I AM a young doctor who has just started to learn about the reality of access to healthcare.
Coming from a humble background, I can emphatise with the people who are somewhat disadvantaged when it comes to getting healthcare.
What makes me sad is that they often just laugh off the situation, with remarks like, “This is how the world works” and “Welcome to the real world”.
Apparently it is deemed acceptable that the person with more money is entitled to better care, often at the expense of those who have less. The queue is different for everyone. Treatment is different from one person to another. Different patients with the same disease would have different courses of treatment. I can give plenty of examples.
Those who have money will go to the most senior doctors, who get their years of experience by treating the poor.
So when you have money, you don’t have to take part in providing a learning curve to the young doctors.
Then there is the issue of where doctors are placed. This is an issue that has been going on for years.
We cannot actually blame these doctors who do not want to be away from the comfort of families, entertainment, connectivity, and a good future.
It is understandable why doctors are still packing up, overflowing the cities and big towns, leaving very few in the the rural areas.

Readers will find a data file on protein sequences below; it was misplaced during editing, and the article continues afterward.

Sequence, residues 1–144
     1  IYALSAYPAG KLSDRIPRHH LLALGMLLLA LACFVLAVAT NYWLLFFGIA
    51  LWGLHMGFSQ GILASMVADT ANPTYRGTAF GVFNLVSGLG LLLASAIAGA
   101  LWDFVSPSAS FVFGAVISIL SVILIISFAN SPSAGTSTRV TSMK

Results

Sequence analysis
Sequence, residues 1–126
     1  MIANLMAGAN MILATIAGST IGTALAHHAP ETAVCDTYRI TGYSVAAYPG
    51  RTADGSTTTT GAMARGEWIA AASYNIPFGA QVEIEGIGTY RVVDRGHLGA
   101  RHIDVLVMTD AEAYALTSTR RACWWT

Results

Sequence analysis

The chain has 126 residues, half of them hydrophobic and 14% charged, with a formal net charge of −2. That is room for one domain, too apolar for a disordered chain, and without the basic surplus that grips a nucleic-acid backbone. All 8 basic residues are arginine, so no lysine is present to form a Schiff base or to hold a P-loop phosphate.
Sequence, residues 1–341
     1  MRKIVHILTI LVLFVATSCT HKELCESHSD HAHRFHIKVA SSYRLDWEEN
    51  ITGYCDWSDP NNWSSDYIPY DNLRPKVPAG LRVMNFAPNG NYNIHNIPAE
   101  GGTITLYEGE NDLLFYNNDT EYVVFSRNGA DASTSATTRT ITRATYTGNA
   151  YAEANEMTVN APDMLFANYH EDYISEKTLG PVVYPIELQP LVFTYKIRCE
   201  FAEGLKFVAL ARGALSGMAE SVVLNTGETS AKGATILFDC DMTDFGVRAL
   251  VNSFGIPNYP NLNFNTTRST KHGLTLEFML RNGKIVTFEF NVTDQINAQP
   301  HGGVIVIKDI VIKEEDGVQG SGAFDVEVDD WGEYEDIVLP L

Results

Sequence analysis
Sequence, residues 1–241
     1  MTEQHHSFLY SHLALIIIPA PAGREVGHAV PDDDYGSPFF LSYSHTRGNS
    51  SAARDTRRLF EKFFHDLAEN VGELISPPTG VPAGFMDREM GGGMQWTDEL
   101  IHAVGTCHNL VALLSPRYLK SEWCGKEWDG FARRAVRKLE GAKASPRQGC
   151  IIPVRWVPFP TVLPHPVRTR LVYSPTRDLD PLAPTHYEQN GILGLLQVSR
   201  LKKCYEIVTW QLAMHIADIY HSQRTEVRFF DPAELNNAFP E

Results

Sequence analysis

We can have 20 doctors seeing 20 patients a day in the town, but at the same time, there is one doctor seeing 200 patients in the rural area.
Is this an acceptable standard of care for the rural patients?
Yet another example of such social injustice is where the hospitals are built. The best facilities are almost always at the biggest city in the state.
If we have 200 doctors in the rural areas but with no modern facilities, it is pointless. At the same time, if we have all the expensive modern facilities in the rural area with only one doctor, it would also be pointless.
This brings me to the most important message that I want to convey in this piece.
We need holistic development. If we build a world-class hospital in a less developed state, for example, we need to have a world-class connectivity of roads and public transport.
There are many good projects we have put in place, like mobile clinics, Flying Doctors service, and hundreds of new clinics and hospitals across the country.
But these must also include the simultaneous development of roads and public transport so that the patients can gain access to such facilities. How can we claim success when patients earning RM70 a week have to spend RM40 on transport just to see us in the clinic for a follow-up?